NBA Live 97
On the one hand, NBA Live 97 embodies everything that was great about the series – cutting edge graphics, sound, a sharp interface and full-motion video. But digging a little beyond the gloss brings back all of those doubts about the quality of sports games being churned out by big gaming companies. It’s a fine example of chrome over content and glitz over gameplay, as obvious problems start to surface after only a few exhibition games. It’s easy to overlook those problems, because just like NHL 97 those visuals and animations are overpowering.
However, with problems ranging from the nit-picky (no jumping on inbounds plays, random free-throw camera angles disorient you when play resumes) to game design weirdness (you can’t make substitutions and strategy decisions at half-time, between quarters, or when an opponent calls time out; you have to wait for play to resume and then pause the game), you start to wonder if they’re as concerned about the gameplay as they are about how the game looks.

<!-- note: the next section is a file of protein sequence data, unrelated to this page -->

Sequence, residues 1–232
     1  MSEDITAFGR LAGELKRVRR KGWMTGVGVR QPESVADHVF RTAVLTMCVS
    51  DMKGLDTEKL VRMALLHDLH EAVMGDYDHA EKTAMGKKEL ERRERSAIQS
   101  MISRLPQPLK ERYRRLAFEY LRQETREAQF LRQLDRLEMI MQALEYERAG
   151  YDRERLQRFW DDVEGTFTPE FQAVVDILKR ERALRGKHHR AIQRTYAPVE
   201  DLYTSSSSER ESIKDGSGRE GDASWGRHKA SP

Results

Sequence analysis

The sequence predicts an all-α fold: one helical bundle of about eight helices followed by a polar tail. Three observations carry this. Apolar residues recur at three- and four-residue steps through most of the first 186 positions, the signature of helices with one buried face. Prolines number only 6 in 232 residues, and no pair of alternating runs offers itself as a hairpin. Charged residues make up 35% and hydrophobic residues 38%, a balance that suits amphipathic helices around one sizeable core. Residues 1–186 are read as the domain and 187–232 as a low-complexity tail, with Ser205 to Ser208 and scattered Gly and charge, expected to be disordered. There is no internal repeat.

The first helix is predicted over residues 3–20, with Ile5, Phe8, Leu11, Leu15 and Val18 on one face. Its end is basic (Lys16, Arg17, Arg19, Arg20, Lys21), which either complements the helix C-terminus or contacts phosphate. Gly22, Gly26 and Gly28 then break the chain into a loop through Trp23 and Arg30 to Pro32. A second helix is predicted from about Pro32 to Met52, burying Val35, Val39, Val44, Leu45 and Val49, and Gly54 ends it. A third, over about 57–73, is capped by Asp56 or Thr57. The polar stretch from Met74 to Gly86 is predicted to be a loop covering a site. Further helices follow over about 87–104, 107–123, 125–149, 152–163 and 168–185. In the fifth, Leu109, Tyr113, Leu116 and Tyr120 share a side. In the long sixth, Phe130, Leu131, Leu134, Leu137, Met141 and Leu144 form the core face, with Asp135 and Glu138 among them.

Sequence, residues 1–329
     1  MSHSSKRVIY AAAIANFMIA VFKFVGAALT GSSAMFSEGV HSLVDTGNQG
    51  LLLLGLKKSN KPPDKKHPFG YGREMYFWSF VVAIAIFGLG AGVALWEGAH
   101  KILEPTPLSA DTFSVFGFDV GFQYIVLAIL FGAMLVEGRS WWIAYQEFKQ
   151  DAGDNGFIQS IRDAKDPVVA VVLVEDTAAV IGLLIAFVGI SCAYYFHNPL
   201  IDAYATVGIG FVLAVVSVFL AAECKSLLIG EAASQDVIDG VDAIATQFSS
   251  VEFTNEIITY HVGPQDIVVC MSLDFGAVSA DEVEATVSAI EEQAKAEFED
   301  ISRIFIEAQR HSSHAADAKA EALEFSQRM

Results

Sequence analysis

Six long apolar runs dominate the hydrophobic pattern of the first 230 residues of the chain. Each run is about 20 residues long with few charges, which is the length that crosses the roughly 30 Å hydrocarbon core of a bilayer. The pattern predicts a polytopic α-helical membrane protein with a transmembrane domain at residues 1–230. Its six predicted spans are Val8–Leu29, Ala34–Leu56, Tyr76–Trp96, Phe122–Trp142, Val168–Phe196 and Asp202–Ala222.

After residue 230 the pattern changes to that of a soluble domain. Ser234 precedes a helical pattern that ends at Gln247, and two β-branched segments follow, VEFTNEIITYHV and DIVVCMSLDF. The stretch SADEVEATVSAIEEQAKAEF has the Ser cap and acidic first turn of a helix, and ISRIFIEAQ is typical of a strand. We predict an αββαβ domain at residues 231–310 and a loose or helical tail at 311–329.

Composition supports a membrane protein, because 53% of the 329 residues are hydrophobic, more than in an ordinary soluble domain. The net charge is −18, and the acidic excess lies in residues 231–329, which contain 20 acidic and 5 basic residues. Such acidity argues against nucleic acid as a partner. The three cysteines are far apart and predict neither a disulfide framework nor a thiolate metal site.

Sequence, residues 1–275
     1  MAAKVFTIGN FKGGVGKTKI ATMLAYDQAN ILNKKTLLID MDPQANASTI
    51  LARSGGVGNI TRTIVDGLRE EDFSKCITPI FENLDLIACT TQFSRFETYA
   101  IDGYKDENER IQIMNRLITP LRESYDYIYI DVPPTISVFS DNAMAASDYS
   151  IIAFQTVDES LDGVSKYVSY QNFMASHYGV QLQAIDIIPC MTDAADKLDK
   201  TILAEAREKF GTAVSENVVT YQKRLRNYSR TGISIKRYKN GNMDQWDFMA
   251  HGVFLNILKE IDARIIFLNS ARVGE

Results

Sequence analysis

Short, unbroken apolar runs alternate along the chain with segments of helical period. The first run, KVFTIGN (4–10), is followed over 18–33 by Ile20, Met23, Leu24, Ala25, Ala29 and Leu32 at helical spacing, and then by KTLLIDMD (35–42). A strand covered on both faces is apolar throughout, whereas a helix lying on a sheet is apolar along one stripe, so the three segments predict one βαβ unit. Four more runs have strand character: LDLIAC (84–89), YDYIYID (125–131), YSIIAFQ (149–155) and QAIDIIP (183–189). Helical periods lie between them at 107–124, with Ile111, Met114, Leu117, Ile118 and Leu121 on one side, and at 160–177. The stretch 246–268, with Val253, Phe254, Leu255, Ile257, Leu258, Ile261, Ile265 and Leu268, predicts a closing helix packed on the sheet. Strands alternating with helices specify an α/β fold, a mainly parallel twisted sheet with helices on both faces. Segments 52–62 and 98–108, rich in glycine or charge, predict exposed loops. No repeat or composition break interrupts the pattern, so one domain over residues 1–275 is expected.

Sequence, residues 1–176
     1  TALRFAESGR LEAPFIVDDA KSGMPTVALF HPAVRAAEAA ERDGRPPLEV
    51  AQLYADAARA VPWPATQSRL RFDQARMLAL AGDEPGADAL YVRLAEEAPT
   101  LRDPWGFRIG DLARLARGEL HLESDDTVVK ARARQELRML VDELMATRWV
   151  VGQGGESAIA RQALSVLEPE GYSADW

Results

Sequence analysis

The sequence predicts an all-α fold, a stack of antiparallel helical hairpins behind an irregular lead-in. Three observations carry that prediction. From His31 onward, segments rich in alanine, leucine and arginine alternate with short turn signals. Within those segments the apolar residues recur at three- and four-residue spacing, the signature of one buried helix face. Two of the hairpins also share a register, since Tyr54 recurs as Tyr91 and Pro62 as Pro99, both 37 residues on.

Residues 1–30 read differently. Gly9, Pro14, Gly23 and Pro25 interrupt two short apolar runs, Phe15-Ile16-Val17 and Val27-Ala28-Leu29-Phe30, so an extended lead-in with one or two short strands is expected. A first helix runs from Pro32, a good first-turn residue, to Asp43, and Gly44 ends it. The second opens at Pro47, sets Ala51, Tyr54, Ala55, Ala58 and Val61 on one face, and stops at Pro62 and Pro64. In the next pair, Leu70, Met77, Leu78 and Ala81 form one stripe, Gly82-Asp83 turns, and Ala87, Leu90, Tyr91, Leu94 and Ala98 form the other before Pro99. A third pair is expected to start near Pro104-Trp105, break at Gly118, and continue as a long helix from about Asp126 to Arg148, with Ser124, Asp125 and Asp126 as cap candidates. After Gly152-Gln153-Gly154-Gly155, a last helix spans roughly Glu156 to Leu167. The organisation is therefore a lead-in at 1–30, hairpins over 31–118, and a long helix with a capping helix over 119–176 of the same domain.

There are a lot of other gameplay quirks, some which are questionable design decisions and others that point to poor computer AI. Considering the game’s arcade emphasis, it’s a bit surprising that the computer defense gets back so fast; you’ll be lucky to get a true breakaway dunk. All of your opponents rebound like Dennis Rodman, while your guys, regardless of setting, couldn’t crash the boards if their lives depended on it. The game doesn’t display the score and time remaining often enough (especially the latter), making the game status a bit of a mystery for long stretches.
Despite all these criticisms, the series still manages to be enjoyable thanks to its responsive controls. Overall it retains the same emphasis of previous iterations – some minor gameplay tweaks here and there, improve the graphics and interface, make it hip and fresh, then cash in.
System Requirements: Pentium 100 MHz, 16 MB RAM, Windows 95
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